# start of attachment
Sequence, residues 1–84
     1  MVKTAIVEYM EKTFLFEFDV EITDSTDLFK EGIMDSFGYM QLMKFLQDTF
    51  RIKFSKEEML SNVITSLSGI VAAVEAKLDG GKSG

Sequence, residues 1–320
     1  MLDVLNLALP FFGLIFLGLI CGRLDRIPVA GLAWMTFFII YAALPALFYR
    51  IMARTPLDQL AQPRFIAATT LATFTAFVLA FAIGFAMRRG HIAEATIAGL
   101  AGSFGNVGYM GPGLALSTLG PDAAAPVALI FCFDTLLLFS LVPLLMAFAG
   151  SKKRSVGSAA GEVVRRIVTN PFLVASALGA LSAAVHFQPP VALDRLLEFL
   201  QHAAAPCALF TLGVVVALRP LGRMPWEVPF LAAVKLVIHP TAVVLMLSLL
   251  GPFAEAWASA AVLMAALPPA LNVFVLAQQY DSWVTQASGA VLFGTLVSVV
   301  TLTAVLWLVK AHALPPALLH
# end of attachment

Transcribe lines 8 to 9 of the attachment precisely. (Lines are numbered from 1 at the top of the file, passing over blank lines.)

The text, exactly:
   151  SKKRSVGSAA GEVVRRIVTN PFLVASALGA LSAAVHFQPP VALDRLLEFL
   201  QHAAAPCALF TLGVVVALRP LGRMPWEVPF LAAVKLVIHP TAVVLMLSLL